No association between variant DNA repair genes and prostate cancer risk among men of African descent

Nicole A. Lavender, Oyeyemi O. Komolafe, Marnita Benford, Guy Brock, Jason H. Moore, Tiva T. VanCleave, J. Christopher States, Rick A. Kittles, La Creis R. Kidd

Research output: Contribution to journalArticlepeer-review

24 Scopus citations


BACKGROUND. Recent reports hypothesize that multiple variant DNA repair gene interactions influence cancer susceptibility. However, studies identifying high-risk cancer-related genes use single gene approaches that lack the statistical rigor to model higher order interactions. METHODS. To address this issue,wesystematically evaluated individual and joint modifying effects of commonly studied polymorphic base and nucleotide excision repair genes relative to prostate cancer (PCA) risk using conventional logistic regression models and multifactor dimensionality reduction (MDR). We hypothesized that inheriting two or more compromised DNA repair loci may increase PCA risk due to altered gene product function. Six genetic alterations were evaluated using germ-line DNA samples from 208 PCA cases and 665 disease-free controls via Taq Man polymerase chain reaction. RESULTS. With the exception of XPD 312, no association existed between individual DNA repair single-nucleotide polymorphisms (SNPs) and PCA. Individuals with the XPD 312 Asn/ Asn genotype had an 8.6-fold increase in risk (OR=8.59; 95% CI=1.81-40.66). We did not observe any significant single gene or gene-gene interactions based on MDR modeling. CONCLUSIONS. Our findings emphasize the importance of utilizing a combination of traditional and advanced statistical tools to identify and validate single gene and multilocus interactions in relation to cancer susceptibility.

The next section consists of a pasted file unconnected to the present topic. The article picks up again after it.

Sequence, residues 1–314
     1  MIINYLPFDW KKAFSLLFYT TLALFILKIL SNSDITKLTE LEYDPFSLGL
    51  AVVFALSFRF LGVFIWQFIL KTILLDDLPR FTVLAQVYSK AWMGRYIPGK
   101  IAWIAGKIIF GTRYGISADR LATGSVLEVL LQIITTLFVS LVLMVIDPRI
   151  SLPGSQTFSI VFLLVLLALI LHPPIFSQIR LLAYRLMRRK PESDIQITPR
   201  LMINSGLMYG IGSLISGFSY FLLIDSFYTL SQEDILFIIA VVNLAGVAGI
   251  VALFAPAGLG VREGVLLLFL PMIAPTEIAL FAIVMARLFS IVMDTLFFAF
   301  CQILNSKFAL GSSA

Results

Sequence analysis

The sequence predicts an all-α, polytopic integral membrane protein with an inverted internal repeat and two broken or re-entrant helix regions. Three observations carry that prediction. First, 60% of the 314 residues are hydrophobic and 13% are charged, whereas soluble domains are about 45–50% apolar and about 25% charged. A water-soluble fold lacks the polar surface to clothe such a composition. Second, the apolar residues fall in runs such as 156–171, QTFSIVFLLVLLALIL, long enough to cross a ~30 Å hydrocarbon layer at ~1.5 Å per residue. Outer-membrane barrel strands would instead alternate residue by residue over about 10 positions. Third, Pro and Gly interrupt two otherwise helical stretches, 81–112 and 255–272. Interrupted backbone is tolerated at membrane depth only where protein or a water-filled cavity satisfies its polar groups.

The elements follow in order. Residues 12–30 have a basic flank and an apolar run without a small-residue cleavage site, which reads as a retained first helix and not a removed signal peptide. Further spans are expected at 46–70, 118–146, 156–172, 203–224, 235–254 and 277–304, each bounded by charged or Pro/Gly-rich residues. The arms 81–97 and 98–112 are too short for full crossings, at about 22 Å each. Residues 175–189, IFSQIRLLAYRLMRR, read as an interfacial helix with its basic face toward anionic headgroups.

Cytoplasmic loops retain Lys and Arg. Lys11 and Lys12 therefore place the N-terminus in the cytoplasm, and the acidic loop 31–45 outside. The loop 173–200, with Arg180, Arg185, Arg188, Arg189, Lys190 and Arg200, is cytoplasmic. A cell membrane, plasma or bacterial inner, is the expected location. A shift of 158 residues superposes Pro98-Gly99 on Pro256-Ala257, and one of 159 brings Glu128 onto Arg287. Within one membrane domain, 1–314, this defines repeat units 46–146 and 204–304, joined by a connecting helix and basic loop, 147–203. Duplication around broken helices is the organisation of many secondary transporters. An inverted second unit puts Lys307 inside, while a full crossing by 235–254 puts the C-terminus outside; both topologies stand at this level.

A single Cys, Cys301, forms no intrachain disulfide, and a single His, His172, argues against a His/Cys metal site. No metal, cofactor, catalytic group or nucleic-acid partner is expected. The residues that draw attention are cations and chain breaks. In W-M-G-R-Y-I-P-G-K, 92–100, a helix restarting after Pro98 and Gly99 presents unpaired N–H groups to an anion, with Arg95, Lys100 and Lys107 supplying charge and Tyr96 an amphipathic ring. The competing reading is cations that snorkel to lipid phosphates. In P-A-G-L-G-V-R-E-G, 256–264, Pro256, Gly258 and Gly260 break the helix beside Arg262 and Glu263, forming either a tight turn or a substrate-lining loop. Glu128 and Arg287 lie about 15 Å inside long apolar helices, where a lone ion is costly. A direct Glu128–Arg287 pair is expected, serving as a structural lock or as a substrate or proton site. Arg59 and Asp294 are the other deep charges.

Original languageEnglish (US)
Pages (from-to)113-119
Number of pages7
Issue number2
StatePublished - Feb 1 2010


  • Base excision repair
  • Gene-gene interactions
  • Logistic regression analysis
  • Multifactor dimensionality reduction
  • Nucleotide excision repair
  • Prostate cancer

ASJC Scopus subject areas

  • Oncology
  • Urology


Dive into the research topics of 'No association between variant DNA repair genes and prostate cancer risk among men of African descent'. Together they form a unique fingerprint.

Cite this